When will interest rates fall, and what will this mean for commercial lending?

When will interest rates fall, and what will this mean for commercial lending?

Keeping abreast of key economic data and trends can be important for  those involved in the UK real estate sector.

So, take a look at the latest report from the chief analyst at Kvika Securities, who provide us regular economic bulletins.

We hope you find this useful.

Interest rates remained unchanged in March

The most recent analysis was put together at the same time the Bank of England (BoE) Monetary Policy Committee (MPC) was making its monthly interest rate decision.

A lower-than-expected Consumer Prices Index (CPI) inflation rate announcement of 3.4% in the 12 months to February prompted some of the more bullish analysts to predict an immediate base rate cut of 0.25%.

This belief was reinforced by other positive indicators, such as the core rate of inflation falling from 5.1% to 4.5%, and services inflation easing from 6.4% to 6.1%.

Similarly, private sector wage growth – another key measure – provided more positive news as it is on track to come in at 5.4% in the first quarter of 2024, below the MPC projection of 5.7%.

Source: Kvika Securities

However, what we got was a “steady as she goes” confirmation that the base rate will remain unchanged at 5.25%.

One positive sign was that, unlike last month, none of the nine MPC members were in favour of a rate hike, with a near-unanimous 8-1 vote in favour of no change at the present time.

There are clear signs that the Bank of England medicine is working

It’s clear that the restrictive policy being followed by the BoE is working and helping to drive inflation down, a prerequisite for a rate cut.

However, the stubbornly high rates of wage growth and service inflation still point to sticky price pressures, which prompted the restrictive stance adopted by the MPC that it feels is required until persistence dissipates.

Encouragingly, for the first time, the MPC was able to explicitly confirm the possibility of reducing interest rates while at the same time maintaining its restrictive stance.

The major sticking point would appear to be wage growth, still running above 6%. There are suggestions that it needs to be trending between 3-4% before the MPC will rest easily.

Suggestions are that we should expect a rate cut in June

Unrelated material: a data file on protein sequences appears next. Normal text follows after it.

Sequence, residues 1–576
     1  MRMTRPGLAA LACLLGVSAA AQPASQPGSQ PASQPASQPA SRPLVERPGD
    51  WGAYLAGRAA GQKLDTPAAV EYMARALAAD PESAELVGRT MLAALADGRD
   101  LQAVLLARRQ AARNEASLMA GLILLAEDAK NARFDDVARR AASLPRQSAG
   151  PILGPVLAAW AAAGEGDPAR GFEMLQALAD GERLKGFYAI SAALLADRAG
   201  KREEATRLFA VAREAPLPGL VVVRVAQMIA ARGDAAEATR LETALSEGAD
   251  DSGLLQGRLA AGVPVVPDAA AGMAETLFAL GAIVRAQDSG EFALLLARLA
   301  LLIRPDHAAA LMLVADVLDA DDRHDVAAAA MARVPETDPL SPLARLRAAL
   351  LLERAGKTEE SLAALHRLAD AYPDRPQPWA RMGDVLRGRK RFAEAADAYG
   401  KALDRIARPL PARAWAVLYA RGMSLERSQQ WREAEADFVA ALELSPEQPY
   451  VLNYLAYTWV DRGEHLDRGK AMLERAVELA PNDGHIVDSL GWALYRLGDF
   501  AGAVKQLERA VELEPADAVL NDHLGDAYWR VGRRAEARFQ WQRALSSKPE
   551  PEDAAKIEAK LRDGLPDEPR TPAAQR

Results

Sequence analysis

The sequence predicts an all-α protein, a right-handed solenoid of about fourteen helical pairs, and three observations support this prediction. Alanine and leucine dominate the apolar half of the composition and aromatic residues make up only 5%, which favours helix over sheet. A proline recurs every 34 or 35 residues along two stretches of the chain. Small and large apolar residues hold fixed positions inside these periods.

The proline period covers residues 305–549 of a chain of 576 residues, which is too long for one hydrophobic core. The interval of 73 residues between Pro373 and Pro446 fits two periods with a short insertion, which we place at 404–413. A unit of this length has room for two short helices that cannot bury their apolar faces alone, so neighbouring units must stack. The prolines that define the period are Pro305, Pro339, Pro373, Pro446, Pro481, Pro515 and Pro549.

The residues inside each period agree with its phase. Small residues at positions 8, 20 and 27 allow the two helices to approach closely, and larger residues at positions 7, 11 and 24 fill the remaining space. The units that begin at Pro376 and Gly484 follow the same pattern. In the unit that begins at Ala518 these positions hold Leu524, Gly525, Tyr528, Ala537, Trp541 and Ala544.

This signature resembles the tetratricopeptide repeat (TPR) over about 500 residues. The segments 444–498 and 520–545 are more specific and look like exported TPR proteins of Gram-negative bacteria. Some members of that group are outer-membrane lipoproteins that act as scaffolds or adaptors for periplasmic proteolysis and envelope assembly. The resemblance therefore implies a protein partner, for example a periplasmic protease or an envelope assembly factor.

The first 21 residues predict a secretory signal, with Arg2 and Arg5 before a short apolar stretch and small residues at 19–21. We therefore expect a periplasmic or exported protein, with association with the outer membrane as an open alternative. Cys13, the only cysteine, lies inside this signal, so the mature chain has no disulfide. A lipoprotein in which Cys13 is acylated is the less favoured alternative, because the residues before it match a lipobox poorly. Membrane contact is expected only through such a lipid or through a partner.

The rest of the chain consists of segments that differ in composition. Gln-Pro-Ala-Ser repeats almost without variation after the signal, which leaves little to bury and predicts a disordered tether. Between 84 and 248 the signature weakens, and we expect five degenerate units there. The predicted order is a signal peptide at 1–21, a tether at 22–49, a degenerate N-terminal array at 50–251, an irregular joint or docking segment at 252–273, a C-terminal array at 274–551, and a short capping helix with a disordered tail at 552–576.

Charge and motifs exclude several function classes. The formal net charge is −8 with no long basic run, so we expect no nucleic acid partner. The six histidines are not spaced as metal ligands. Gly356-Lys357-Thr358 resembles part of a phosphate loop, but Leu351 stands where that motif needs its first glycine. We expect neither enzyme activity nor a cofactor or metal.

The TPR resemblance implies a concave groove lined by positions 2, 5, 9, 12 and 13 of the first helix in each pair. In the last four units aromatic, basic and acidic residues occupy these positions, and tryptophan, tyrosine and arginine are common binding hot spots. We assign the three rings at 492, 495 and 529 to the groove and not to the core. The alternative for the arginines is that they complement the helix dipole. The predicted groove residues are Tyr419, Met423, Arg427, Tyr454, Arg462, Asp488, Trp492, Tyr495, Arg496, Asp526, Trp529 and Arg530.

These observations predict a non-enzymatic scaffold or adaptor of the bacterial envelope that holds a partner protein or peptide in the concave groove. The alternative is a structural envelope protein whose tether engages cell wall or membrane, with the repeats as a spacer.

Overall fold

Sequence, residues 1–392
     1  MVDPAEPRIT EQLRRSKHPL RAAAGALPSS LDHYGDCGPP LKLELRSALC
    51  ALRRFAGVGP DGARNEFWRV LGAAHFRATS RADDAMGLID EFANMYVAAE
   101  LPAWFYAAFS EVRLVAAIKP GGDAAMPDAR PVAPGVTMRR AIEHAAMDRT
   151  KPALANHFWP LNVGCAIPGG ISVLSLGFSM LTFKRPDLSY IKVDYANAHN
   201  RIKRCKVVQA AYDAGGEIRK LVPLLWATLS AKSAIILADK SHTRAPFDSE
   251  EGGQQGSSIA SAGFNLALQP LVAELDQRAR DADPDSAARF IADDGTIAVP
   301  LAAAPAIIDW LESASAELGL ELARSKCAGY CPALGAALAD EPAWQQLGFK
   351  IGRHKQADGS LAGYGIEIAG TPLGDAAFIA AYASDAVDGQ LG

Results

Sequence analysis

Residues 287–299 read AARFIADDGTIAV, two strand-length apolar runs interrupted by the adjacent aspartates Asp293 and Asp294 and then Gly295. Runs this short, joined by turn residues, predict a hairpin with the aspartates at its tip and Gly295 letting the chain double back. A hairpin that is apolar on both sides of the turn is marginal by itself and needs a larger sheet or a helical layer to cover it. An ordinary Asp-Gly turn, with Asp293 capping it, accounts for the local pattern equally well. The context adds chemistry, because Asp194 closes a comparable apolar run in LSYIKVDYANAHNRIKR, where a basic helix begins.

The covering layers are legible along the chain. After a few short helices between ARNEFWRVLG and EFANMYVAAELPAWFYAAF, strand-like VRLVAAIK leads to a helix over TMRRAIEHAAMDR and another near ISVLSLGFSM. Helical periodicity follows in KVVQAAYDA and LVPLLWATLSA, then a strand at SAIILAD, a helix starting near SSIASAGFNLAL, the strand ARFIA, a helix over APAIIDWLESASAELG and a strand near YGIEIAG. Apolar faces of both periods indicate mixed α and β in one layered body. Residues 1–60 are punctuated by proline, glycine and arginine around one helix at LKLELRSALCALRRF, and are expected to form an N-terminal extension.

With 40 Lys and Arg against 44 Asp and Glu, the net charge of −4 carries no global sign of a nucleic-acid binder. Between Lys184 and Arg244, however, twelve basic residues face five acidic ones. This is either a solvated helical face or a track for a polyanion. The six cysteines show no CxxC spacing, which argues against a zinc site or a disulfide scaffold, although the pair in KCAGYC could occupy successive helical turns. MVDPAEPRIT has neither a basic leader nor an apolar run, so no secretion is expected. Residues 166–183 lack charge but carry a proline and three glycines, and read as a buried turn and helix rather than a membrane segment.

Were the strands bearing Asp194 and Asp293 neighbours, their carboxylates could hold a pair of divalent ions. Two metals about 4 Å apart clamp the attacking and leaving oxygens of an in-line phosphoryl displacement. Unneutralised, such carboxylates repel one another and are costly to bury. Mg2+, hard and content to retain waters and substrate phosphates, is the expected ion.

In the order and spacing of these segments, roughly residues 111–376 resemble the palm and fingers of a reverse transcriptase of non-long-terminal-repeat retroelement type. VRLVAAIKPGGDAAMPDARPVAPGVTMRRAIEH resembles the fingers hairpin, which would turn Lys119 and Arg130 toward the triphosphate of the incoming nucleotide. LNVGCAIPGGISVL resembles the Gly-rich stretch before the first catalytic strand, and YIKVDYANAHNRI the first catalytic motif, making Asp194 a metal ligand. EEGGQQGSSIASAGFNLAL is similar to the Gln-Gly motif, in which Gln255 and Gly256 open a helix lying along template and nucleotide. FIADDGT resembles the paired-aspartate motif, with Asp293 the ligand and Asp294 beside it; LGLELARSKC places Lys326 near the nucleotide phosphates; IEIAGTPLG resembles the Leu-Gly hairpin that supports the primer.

Our economic analysts are still predicting that there will be a rate cut in June, which is a view shared by many.

The expectation is that by then, the MPC should have two months of data showing inflation at or below target as well as softening core, service, and wage growth figures. These could prompt a cautious first cut with a cautionary hawkish messaging.

Source: Kvika Securities

However, one word of caution is that the US Federal Reserve (Fed) is not expected to cut its base rate until July, as US inflation is taking longer to come down than previously anticipated. This would mean the MPC taking the rare step of cutting interest rates before the US does.

Against that, though, is the fact that US rate cuts will be a celebration of inflation being tamed, rather than any equivalent UK cut that will be driven more by economic weakness.

Indeed, the New York Times reported the Fed suggesting it could cut rates three times this year.

Our analysts have confirmed that they will also be a lot less confident if we don’t see a downshift in the BoE inflation forecast and softening guidance at its May meeting to lay the groundwork for a subsequent cut the following month.

Investment markets are remarkably buoyant

As we head towards the end of the first quarter, possibly the biggest financial story of the year so far is the extraordinary growth in equity values across nearly all developed markets.

For example, you need to remind yourself that all the figures in the table below are year-to-date as at 21 March 2024, and not annualised as you might at first assume!

Source: Kvika Securities

While the FTSE 100 has been far more sluggish so far this year, Morningstar reported that it rose 1.9% on 21 March to its highest level in nearly 11 months at the real prospect of interest rate cuts.

What this means for commercial lending

Clearly, positive news is on the way, with the Times echoing others suggesting rates will start to fall this summer.

Clients looking to refinance once rates do start coming down may be able to do so sooner than they had originally perhaps planned or assumed.

Furthermore, an attractive combination of lower interest rates and low inflation suggest there’s a better environment for investment to drive growth. Indeed, Property Reporter are predicting UK commercial property lending will see a 32% rise in the next five years.

However, a note of caution has to be that rates are unlikely to fall much below “new normal” that Deloittes suggest could be around 3%. They also believe that the days of ultra-low interest rates are now in the past.

In our experience, the commercial property market is adjusting to this higher-rate environment.

Get in touch

We have a wealth of experience when it comes to commercial lending for your clients, even in the most challenging economic circumstances.

To find out more, speak to the Relationship Director in your local office.


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